The Knicks have a war chest of assets, including multiple first-round picks. History with Tom Thibodeau dictates a big move coming.
It’s been over seven years since the New York Knicks have been to the NBA playoffs. They haven’t returned since their loss to the Indiana Pacers in the 2013 Eastern Conference semi-finals. This is the third longest playoff drought in the league, behind the Sacramento Kings (14 years) and the Phoenix Suns (10 years). In a league where over 50% of the teams make the playoffs, this stat is even worse than it sounds.
From 2013–17, the Knicks were all about quick fixes to try and salvage the last few years Carmelo Anthony’s Knicks career, without worrying at all about the future. This includes trading a first-round pick and two second-round picks as well as fan favorite Steve Novak to the Raptors for Andrea Bargnani in 2013, completely ignoring the fact that injury-plagued Bargnani had averaged only 12.7 points per game on 39.9% from the field (30.9% from three) in the season prior.
In 2016, the Knicks double-downed on their quick fix strategy by trading for Derrick Rose and signing Joakim Noah to a four-year, $72 million deal. Rose and Noah were both riddled with cascading injuries and clearly on the downturn of their careers.
Since Anthony was traded to the Oklahoma City Thunder in 2017, a new rebuild was underway. All fans begged the Knicks to do things “the right way” this time, meaning keep all or most of your picks and don’t make ridiculous trades to try and speed it up.
It’s been three years of the Knicks doing things “the right way”, and yet they remain in a similar spot to where they were three years ago. Much of this is due to the Kristaps Porzingis trade, but also due to failure in the NBA draft.
A rebuild through the draft can only be successful if you hit on your draft picks, and other than Mitchell Robinson, the Knicks haven’t done that (R.J. Barrett is still TBD, but I’m optimistic). Frank Ntilikina hasn’t proved much other than his defense through his first three seasons, and after this year he may not even be a Knick as his contract is up. Kevin Knox regressed from his rookie season to his sophomore season by a ton, and ranks among the bottom of the league in several analytical categories.
A rebuild like this cannot last forever, especially in New York, the biggest market and Mecca of basketball. There are ways to make trades and signings that are smart to speed up a rebuild. However, in order to do that, you need draft capital and cap space, two things that the Knicks lacked three years ago, but have an abundance of now.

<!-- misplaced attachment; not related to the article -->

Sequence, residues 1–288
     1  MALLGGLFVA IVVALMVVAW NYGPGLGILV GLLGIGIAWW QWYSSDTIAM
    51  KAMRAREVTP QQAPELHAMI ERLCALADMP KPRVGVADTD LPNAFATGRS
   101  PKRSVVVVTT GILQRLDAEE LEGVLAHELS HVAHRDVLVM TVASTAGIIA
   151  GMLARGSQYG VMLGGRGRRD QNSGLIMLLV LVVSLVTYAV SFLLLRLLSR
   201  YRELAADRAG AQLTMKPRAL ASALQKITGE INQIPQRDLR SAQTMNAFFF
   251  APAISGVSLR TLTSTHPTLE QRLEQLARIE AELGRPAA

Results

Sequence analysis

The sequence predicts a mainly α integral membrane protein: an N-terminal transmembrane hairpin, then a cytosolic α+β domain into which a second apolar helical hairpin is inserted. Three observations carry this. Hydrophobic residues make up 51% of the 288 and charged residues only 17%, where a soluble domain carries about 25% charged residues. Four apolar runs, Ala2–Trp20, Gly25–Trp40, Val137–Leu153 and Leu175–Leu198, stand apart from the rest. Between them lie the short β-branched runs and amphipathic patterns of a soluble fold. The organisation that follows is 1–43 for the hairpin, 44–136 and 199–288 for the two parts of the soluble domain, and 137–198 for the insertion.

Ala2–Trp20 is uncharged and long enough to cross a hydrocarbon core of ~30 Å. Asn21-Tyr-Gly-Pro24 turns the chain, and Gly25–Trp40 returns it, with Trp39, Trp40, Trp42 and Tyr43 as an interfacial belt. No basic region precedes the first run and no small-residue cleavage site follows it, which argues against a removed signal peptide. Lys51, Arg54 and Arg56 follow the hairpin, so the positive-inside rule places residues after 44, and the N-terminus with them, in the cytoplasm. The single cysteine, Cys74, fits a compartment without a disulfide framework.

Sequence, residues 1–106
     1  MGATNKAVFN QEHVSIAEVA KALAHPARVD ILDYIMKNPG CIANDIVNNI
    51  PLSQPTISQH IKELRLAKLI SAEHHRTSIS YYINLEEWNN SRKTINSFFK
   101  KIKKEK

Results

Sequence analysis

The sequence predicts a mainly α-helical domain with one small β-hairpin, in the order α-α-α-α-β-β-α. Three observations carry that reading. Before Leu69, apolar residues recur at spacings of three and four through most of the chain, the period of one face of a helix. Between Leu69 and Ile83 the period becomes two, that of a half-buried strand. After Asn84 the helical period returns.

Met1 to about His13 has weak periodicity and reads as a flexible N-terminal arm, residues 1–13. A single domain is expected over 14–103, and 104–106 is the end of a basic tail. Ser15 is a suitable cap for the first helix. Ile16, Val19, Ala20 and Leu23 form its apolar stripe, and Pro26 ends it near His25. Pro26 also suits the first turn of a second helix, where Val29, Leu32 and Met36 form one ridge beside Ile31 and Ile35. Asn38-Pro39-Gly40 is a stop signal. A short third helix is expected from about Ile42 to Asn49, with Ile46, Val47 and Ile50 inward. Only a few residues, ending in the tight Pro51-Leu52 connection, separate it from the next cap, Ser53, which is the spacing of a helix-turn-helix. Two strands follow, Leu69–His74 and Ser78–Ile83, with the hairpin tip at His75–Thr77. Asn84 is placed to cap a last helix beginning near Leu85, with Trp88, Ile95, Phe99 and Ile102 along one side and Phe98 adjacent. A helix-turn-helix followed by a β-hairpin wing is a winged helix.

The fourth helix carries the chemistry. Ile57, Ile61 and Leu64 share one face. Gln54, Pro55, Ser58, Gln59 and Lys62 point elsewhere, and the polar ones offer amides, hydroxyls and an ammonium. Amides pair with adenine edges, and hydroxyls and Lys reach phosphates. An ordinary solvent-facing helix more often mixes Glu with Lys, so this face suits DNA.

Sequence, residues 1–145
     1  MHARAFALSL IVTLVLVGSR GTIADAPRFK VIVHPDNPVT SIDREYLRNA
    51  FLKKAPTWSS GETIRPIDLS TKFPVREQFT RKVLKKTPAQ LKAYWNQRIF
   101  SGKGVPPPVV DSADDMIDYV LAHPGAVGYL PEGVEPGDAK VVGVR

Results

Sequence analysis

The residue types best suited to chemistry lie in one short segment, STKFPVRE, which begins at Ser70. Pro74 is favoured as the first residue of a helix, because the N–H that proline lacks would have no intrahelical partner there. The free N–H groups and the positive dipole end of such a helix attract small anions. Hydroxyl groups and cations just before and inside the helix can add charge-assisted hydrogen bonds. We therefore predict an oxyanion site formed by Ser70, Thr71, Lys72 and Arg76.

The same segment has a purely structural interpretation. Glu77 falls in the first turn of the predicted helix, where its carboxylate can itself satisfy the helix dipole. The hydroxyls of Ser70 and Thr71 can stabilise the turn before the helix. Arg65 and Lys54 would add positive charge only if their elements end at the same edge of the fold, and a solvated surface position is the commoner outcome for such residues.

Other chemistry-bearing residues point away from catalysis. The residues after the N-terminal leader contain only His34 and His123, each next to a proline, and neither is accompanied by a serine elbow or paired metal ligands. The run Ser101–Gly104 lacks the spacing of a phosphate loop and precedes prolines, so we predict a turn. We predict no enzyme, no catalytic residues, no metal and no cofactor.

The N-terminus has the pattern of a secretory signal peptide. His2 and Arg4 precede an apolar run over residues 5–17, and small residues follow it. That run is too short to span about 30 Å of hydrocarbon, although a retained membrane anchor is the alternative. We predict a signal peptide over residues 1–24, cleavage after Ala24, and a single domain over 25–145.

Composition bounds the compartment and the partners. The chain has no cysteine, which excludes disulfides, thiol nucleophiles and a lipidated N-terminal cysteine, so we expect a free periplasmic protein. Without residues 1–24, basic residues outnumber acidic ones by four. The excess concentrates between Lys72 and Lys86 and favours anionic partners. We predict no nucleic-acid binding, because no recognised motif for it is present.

Additionally, the Knicks have brought in Leon Rose as President of Basketball Operations, and Tom Thibodeau as head coach. As this is Rose’s first rodeo, it’s likely he won’t have patience for another four or five years of this rebuild without getting to the playoffs.
A sign of this was the hiring of Thibodeau, not known at all as a rebuilding coach. In fact, in Thibodeau’s seven full seasons as an NBA head coach, he’s only had a losing record once, and that was in 2016–17, his first year with the Timberwolves. Minnesota’s situation in 2016–17 can be viewed as similar to the one the Knicks are currently in right now.
The Timberwolves were in a 13-year playoff drought in a rebuilding situation prior to 2016–17. Following that season, where Minnesota went 31-51, Thibodeau pooled assets together to trade for Jimmy Butler, ultimately causing a playoff berth and a 47-35 record in 2017–18.
With the Knicks possessing a total of three late first-round picks (2020, 2021, 2023) acquired between the Marcus Morris and Kristaps Porzingis deals, as well as multiple young players and cap space, expect New York to be extremely aggressive this offseason and the next in order to improve the roster. No one on the current roster should be untouchable (maybe Mitchell Robinson, but that’s it).
According to NBA.com, as of July 2019 going into the 2019–20 season, only four teams were returning with players who appeared in at least 75% of the team’s minutes the season before. There’s more movement in the NBA than any other professional sports league, and you never know who’s going to become available this offseason.
In 2018 it was Kawhi Leonard. In 2019 it was Russell Westbrook, Paul George, Anthony Davis, and Michael Conley. You never know who might become available in 2020.
In addition to the potential of acquiring players via trade, the Knicks could also pool together assets to move up in the draft, either improving upon their eighth overall pick, or even to move up and acquire a second lottery pick.
Ultimately, there are several different directions that Leon Rose and the Knicks could go in terms of being aggressive to improve the roster for next season and beyond. Since these options are not ones that have been available in recent memory, paired with the new front office and coaching staff, I expect many of these options to be looked at, if not exercised.
You cannot build in this league without winning while simultaneously rebuilding. It’s a massive step to attracting free agents and creating a culture in the organization—and a reason why I believe the Knicks will be so aggressive with the assets they have this offseason. Don’t be surprised at all if New York’s roster looks different by the tip-off of the 2020–21 season.